There’s no secret ingredient to increasing happiness levels in the office. What works for a small CPA firm might not fly at a larger organization. Sure, you have to pay people well, but creating a great place to work where employees have pride in what they do begins with you.

Unless you’re a mind reader, you’ll never know what instills pride and motivation in your employees, until you ask. Then, follow through. Follow-up on that feedback and empower your employees to create a better workplace.

Takeaway: Salary benchmarks for finance and accounting positions in your city are available at Robert Half's Salary Center.

5. Give them a sense of empowerment

Engaging your staff by giving them a chance to make decisions on their own, or with minimal direction, improves workplace happiness by making them feel more valued. Let them flex their creative muscles and influence important decisions in their jobs.
Takeaway: Only 47 percent of women in the happiness research say they exert influence on the job, compared to 55 percent of men who say the same. At large companies, 35 percent of workers say they have influence.

As Todd Henry, founder of Accidental Creative and contributor to the Robert Half report, says, “People are most invested in their work when they feel like they are part of something larger than themselves.”

Most studies show that happiness positively impacts the quality and quantity of work — and when you make employee happiness one of your top organizational priorities, it’s good for your business.

If you’re still not sure where to start to give your finance team a happiness boost, try a Post-it note, and be happy!

— Lisa Amstutz

Read the infographic text.


Which employees are the happiest?

The happiest role: SENIOR EXECUTIVE
The happiest company size: LESS THAN 10 EMPLOYEES
The happiest age: 55+
The happiest tenure: FIRST YEAR ON THE JOB


The ability to influence important decisions is a happiness driver, but not all workers feel they have equal say.

Only 47% of women say they exert influence on the job, compared to 55% of men.

Just 45% of administrative workers feel they have a say in important decisions.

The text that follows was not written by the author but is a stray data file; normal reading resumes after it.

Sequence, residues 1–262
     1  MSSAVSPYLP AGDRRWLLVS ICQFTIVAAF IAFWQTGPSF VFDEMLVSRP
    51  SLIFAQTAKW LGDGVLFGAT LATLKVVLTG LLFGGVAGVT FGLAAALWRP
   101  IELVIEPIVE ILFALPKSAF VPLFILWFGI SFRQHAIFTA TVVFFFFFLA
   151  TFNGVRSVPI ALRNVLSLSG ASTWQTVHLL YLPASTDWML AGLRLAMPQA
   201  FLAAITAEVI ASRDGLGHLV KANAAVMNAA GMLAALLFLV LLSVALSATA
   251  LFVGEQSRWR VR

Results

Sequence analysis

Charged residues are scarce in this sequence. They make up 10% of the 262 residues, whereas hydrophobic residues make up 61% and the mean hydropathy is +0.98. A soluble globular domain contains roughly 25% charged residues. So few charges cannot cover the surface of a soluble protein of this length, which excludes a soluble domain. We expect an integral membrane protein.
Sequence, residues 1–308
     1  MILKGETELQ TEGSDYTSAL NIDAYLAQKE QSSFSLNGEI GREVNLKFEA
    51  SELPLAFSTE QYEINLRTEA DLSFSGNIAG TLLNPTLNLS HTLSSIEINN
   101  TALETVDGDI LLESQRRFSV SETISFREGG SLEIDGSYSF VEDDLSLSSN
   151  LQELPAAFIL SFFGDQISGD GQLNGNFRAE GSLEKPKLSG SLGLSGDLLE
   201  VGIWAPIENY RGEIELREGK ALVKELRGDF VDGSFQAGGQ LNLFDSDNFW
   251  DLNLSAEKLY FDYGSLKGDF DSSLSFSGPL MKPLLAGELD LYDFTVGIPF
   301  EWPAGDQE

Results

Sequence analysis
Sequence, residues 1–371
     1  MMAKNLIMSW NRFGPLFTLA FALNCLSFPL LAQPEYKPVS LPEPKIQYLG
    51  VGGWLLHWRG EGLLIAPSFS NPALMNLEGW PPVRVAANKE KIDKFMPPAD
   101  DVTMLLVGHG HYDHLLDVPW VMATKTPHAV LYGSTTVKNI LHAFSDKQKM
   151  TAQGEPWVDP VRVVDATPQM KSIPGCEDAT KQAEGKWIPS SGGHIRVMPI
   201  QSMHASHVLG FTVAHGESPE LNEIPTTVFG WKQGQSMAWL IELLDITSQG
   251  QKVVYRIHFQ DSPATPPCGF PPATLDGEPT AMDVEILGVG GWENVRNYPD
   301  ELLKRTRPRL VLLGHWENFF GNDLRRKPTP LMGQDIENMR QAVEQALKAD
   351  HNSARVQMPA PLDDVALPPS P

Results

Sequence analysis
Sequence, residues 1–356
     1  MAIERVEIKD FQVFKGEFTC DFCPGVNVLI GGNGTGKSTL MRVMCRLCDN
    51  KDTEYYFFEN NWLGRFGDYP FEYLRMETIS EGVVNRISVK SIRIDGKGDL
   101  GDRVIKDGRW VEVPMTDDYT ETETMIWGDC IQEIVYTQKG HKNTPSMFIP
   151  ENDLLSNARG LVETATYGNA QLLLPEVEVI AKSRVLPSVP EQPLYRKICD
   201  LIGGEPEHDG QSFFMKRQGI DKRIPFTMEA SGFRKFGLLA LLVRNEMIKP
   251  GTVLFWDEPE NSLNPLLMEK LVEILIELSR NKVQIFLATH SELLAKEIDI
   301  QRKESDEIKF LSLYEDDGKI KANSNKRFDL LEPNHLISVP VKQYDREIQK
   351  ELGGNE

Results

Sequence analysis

Only 47% of workers 55 years and up say they influence important decisions.

Only 35% of workers at organizations with 5,000+ employees say they have influence.

Where can companies improve?


Workers who say they are not a good match with their employees are the most likely to leave their job within a year.


Only 52 percent of women feel they are paid fairly at work, compared to 58 percent of men.


Two-thirds of workers feel satisfied with their level of work-life balance, leaving some room for improvement.


Workers who have good relationships with others on their teams are 2.5 times more likely to be happy than those who do not.


Feeling appreciated is the second biggest driver of happiness — make sure to thank all employees for a job well done.

To learn more about the importance of improving happiness in your workplace, visit www.roberthalf.comhttps://www.roberthalf.com/its-time-we-all-work-happy

Source: Survey of more than 12,000 U.S. and Canadian workers developed by Robert Half and Happiness Works, and conducted by an independent research firm.

© 2016 Robert Half International Inc. An equal opportunity employer M/F/Disability/Veterans.

Lisa Amstutz is the public relations manager for Robert Half Finance & Accounting, the world’s first and largest specialized financial recruitment service. In her role, she translates key business needs and messages into communications strategies and develops the company’s thought leadership. She’s a master collaborator, storyteller and former journalist. She is based in the San Francisco Bay Area, where she lives with her family.